Naomi Long hails 232 Presbyterian signatories of letter
Alliance Party leader Naomi Long last night welcomed the letter from 232 leading Presbyterians expressing "hurt, anger and dismay" at their Church's position on same-sex relationships.
Mrs Long, who is a communicant member of the Presbyterian Church, told the Belfast Telegraph she felt the letter would open up a conversation in the institution - "and that can only be a good thing".
She was speaking after hundreds of ministers and elders published what they called a "cry from the heart" sharing their concerns about the Presbyterian Church's decision to bar people in same-sex relationships from full membership and to refuse baptism to their children.
The controversial stance has already provoked the resignation of former Stormont Assembly Speaker Lord Alderdice from the Church.
"Clearly, there is a significant number of people within the Church, regardless of whether their view may be seen as fundamentalist or otherwise, who are concerned about the divisions that it's causing within the Church, and the pain and hurt that it is causing," Mrs Long said.
The East Belfast MLA felt it was important that such a range of senior Presbyterians had spoken out about the issue of same-sex relationships.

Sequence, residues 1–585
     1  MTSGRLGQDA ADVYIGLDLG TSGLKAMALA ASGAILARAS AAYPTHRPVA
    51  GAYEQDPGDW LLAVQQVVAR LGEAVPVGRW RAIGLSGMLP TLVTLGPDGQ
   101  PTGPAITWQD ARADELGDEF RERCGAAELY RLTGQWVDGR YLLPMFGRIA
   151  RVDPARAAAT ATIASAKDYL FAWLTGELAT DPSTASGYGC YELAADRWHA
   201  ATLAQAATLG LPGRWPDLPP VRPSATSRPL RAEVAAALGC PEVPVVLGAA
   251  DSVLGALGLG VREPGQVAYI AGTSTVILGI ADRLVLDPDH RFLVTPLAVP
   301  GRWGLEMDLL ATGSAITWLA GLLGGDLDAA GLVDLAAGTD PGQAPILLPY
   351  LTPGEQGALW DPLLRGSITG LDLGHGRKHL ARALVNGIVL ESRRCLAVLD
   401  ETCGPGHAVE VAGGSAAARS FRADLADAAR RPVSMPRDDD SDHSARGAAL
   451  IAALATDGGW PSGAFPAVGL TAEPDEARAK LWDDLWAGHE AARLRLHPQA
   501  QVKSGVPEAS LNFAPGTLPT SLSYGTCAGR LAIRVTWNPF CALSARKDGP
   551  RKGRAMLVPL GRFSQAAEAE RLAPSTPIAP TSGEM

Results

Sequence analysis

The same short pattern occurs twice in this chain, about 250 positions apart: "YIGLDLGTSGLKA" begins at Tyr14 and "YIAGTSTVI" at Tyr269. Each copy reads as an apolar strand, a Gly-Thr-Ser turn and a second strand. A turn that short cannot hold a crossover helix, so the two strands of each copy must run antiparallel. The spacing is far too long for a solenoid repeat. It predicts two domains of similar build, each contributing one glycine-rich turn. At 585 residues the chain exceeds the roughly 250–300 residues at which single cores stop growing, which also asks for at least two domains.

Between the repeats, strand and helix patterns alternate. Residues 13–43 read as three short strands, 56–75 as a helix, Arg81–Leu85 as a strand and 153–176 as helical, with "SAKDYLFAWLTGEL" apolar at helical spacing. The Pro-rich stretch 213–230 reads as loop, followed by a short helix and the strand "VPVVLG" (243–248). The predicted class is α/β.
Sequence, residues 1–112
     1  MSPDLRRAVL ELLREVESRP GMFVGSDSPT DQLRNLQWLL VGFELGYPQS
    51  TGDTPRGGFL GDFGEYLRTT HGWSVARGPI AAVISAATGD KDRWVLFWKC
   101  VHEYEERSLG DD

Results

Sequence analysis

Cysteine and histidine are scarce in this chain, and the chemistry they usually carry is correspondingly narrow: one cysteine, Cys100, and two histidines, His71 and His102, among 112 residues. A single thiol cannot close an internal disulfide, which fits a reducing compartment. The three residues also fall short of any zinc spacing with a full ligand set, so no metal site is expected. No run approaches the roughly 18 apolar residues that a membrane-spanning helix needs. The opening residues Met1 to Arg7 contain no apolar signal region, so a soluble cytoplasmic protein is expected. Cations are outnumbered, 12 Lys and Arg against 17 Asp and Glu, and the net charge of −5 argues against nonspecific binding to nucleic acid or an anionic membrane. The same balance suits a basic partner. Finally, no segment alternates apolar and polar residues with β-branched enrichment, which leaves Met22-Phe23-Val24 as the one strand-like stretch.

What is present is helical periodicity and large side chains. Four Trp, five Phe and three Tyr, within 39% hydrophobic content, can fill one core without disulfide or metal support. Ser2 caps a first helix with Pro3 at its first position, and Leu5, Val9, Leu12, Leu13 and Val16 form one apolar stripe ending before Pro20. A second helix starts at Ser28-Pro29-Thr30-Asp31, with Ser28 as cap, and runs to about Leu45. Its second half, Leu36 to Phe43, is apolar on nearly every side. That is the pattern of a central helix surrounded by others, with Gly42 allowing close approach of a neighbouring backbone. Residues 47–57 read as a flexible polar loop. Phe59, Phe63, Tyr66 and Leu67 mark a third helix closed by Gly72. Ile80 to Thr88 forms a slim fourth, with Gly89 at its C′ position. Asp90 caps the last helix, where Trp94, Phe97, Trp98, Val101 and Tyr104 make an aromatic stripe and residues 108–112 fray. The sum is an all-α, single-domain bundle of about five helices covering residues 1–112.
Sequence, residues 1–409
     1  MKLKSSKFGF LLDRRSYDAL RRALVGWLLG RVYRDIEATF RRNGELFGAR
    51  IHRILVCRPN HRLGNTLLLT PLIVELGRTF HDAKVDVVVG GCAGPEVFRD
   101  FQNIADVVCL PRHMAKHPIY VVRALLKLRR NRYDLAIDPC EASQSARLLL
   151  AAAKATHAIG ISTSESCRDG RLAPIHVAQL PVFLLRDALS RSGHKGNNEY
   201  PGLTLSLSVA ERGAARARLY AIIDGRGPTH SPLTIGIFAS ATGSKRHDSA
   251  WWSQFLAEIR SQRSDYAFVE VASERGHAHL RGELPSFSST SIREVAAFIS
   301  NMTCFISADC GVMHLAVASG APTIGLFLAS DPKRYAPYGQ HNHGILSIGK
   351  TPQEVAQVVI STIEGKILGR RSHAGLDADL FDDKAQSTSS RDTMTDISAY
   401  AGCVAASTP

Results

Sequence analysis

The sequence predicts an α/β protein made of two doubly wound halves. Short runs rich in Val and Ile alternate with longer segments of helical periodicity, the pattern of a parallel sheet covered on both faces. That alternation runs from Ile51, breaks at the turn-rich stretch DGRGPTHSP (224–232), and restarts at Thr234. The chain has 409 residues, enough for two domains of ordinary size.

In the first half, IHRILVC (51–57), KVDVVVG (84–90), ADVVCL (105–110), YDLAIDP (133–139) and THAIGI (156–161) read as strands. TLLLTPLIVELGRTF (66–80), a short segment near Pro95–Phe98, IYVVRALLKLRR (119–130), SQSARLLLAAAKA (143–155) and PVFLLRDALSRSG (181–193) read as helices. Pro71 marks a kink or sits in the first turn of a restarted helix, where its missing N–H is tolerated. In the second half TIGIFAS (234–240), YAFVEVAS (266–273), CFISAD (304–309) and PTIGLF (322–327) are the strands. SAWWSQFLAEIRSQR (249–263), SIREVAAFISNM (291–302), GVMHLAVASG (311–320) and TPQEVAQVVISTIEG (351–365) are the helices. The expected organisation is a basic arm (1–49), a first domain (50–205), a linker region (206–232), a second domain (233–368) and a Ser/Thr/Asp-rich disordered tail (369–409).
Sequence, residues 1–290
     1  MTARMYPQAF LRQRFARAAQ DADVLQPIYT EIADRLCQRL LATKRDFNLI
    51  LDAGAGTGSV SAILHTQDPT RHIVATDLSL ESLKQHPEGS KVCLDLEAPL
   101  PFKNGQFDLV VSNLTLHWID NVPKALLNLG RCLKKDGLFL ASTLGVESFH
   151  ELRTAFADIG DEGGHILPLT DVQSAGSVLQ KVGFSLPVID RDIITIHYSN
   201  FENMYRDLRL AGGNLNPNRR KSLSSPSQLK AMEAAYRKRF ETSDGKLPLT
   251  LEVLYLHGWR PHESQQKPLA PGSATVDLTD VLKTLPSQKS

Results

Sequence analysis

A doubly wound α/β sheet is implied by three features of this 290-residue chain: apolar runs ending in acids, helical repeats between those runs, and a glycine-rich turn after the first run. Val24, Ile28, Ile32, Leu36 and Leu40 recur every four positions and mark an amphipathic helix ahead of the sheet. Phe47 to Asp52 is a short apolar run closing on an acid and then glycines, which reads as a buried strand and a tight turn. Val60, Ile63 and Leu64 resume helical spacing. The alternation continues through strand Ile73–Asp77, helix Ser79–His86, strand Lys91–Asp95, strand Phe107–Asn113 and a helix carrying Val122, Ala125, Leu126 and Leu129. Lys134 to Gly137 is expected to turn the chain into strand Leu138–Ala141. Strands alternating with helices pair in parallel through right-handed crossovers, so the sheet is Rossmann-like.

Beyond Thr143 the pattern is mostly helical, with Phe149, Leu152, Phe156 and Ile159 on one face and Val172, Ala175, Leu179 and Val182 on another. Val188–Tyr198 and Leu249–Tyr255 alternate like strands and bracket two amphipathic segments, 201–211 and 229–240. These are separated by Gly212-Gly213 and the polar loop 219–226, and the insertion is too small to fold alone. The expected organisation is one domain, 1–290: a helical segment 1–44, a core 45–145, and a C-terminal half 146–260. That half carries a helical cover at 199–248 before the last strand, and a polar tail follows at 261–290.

The General Assembly's decision had forced people to take a stand, she said. "That's welcome, because if it means there is a more balanced discussion and a more open conversation about the need for room for diversity of opinion, diversity of views, then I think that can only be a good thing for the Church, and a good thing for society as a whole.
"People have got to be able to express their views, especially in a Church like the Presbyterian Church, where dissent has been seen as a valuable asset, rather than something we should be fearful of."
The Alliance leader was also concerned about the Presbyterian Church distancing itself from the Church of Scotland.
"The fact that people have now spoken up will give others encouragement that this is not a universal view in the Church, not a settled position, and that there are other people out there who don't agree with the decisions that have been taken, and who would like to see the Church remain in contact with the Church of Scotland - even if not in agreement with them - and would like to see that there was still space within the Presbyterian Church for people from all backgrounds and with a whole range of views," she added.
"The tone of the letter reflects that these are people passionate about the Church, who clearly have a deep faith - but at the same time want the issues to be more openly discussed.
"If the letter opens up that conversation, allows it to take place in a more respectful way, that can only be a good thing, in terms of both the Church and the society around us."